If you have time, I suggest that you read the Book of Job in its entirety or at least the first eleven chapters and the last five chapters. The middle tends to be repetitive. For chapter after chapter the three friends seek to explain away his suffering, primarily by suggesting that Job has behaved in ways that deserve to be punished. The friends say such unhelpful things as: “Think now, who that was innocent ever perished? Or where were the upright cut off?” or “How happy is the one whom God reproves; therefore do not despise the discipline of the Almighty.” or “Know then that God exacts of you less than your guilt deserves.”

Time and again, Job responds by protesting his innocence. He is sure that he has not behaved in a way to offend God and that his suffering has no rational explanation.

Finally, or so the story goes, God can stand it no longer. God cannot bear to listen to the four friends. As we will hear in a few weeks time, God explodes and in words dripping with sarcasm attacks Job from out of the whirlwind: ““Who is this that darkens counsel by words without knowledge? Gird up your loins like a man, I will question you, and you shall declare to me. Where were you when I laid the foundation of the earth? Tell me, if you have understanding. Who determined its measurements—surely you know! Or who stretched the line upon it? On what were its bases sunk, or who laid its cornerstone when the morning stars sang together and all the heavenly beings shouted for joy?” On and on God goes, challenging Job to demonstrate his wisdom, his ability to understand and therefore his right to speak for God. Finally Job (in what I imagine is a very small voice) responds: “Therefore I have uttered what I did not understand, things too wonderful for me, which I did not know.”

As Job realises in the end, none of us can read God’s mind, none of us have any real idea why the world is as it is. What we do know is that life can seem haphazard, that the world is full of both the good and the bad and that we have no control over the weather or the movement of the continental plates. We know that accidents do happen, that disease can hit at any time and that at the moment none of us is immune from the process of aging. When we are confronted with suffering, whether it is ours – or that of another, we should not try to explain it away or to make excuses for God. Instead we need to accept that there are times when we will not have the answers, when we are simply unable to comprehend why it is that bad things happen to good people and why some suffer their whole lives and some seem to suffer hardly at all.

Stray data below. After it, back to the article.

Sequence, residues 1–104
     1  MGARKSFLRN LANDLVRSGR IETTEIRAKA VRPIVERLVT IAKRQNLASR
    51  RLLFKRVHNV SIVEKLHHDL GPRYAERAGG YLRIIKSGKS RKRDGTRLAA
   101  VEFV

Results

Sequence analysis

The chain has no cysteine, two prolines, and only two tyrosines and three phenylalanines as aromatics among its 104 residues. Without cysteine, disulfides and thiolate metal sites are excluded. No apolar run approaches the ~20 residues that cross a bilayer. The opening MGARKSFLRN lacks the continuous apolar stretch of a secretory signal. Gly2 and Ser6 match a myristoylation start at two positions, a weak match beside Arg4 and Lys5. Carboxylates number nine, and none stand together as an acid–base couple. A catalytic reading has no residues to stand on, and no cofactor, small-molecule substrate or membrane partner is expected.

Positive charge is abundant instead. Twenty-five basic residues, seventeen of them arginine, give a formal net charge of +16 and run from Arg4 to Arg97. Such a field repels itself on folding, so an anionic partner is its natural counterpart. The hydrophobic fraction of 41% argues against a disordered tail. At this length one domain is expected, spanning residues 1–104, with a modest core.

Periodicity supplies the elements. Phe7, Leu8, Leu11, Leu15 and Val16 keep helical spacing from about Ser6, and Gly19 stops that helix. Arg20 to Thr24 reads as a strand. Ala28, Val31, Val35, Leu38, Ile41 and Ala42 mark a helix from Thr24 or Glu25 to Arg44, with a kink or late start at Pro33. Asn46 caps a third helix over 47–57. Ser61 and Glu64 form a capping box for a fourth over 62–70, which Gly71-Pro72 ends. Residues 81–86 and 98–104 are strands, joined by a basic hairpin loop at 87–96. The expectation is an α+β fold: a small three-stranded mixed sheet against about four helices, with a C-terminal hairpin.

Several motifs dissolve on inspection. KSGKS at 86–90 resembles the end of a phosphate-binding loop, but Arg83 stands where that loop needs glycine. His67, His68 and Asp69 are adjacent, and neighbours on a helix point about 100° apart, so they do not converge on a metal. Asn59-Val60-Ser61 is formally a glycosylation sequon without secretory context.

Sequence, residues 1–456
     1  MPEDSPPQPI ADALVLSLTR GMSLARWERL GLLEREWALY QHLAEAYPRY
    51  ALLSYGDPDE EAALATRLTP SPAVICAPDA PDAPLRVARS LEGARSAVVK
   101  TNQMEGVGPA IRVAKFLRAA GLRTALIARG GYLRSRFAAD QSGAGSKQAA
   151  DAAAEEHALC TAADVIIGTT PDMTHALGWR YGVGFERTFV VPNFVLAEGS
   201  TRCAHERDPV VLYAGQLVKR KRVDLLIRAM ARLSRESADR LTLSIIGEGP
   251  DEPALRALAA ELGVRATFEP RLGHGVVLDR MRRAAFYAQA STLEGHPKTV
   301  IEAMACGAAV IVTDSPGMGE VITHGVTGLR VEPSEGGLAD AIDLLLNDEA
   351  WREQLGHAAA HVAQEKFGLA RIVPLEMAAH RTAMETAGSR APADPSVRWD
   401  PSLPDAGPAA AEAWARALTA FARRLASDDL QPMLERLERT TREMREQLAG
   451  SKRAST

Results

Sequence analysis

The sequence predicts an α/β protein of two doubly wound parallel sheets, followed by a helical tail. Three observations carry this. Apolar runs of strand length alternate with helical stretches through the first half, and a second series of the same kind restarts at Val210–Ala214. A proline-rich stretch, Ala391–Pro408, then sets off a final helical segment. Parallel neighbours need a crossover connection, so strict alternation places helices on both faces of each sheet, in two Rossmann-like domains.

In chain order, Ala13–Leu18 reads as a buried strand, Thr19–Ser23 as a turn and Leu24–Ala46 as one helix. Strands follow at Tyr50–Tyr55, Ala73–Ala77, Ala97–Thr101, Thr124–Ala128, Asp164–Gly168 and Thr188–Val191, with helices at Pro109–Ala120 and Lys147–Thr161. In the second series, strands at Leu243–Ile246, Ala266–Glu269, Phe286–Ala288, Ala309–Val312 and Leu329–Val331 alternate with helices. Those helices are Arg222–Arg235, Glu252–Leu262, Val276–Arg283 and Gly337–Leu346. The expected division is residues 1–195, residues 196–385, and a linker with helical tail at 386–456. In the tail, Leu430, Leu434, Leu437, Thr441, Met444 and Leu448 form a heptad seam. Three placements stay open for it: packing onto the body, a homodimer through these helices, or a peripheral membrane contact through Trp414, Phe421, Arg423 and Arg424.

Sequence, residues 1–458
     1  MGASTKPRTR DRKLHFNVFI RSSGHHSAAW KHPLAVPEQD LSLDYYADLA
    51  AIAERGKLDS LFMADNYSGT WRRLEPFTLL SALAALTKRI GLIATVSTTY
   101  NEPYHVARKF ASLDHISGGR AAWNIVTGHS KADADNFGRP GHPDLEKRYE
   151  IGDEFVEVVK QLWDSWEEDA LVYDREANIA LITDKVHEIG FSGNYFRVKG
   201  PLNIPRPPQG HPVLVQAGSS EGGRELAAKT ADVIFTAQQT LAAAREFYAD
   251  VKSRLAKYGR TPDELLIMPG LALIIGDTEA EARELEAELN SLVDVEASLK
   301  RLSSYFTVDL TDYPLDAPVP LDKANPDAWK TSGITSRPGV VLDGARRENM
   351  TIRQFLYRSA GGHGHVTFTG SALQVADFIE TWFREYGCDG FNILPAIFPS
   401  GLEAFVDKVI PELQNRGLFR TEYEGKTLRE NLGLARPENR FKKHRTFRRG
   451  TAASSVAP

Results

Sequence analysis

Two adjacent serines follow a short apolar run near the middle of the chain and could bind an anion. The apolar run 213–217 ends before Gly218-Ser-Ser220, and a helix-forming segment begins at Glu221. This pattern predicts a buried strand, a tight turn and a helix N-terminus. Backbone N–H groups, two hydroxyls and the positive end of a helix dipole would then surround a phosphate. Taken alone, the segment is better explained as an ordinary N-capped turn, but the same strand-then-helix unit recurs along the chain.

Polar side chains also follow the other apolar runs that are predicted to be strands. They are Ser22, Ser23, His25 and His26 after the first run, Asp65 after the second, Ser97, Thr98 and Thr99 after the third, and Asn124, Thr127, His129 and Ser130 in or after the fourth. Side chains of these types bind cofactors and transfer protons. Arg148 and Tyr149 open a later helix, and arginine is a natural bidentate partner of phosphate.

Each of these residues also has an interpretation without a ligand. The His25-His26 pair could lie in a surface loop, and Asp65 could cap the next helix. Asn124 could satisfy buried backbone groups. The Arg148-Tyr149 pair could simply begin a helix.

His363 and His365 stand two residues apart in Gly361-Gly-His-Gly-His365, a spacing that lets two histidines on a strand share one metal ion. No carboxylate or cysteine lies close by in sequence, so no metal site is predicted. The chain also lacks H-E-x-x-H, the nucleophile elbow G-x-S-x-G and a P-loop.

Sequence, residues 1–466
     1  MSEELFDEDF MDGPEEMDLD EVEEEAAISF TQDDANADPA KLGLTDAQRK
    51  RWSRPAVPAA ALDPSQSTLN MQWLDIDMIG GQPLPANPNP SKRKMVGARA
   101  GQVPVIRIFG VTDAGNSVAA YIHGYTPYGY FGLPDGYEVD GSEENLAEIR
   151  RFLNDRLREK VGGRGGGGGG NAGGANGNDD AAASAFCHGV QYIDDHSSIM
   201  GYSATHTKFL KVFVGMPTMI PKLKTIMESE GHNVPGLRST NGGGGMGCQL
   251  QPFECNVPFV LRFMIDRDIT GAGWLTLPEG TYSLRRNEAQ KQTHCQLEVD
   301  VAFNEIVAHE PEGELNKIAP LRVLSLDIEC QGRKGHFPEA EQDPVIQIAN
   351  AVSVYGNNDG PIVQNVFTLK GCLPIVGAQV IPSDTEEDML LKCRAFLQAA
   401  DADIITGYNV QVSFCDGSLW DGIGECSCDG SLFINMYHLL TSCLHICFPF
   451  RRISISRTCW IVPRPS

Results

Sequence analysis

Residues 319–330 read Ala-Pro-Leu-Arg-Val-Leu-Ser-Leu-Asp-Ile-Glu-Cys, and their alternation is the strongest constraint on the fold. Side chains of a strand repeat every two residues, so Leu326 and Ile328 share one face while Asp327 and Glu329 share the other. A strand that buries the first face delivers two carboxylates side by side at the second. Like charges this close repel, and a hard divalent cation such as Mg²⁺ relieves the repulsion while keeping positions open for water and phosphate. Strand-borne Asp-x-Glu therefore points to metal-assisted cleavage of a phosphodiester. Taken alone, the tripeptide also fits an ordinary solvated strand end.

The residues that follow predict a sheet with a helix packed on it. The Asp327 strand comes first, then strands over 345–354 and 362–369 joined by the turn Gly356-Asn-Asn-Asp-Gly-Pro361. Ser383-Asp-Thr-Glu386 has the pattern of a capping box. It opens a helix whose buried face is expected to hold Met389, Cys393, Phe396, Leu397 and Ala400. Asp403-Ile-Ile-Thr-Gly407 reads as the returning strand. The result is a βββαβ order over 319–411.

When faced with unbearable suffering or distress in our own lives or that of others, surely it is better to admit that we simply do not have all the answers, that there are aspects of this life that are beyond our comprehension and that there are some things that we will not understand this side of eternity?

When tragedy hits and lives are turned upside down we have to remember that even though God doesn’t intervene as we would like, that God in Jesus knows just what it is like to experience suffering and pain, rejection and torture. When our lives seem to fall apart, when nothing seems to make any sense, it is important to remember that God is with us – supporting, encouraging and strengthening us until such time as the troubles pass and the world is put to rights again.

[1] It is important to remember that Job is a story or fable. It is also important to note that in this story “Satan” is not associated with evil but is one of the angels in heaven. He is “the accuser”, the “devil’s advocate”, the one appointed to present an opposing view.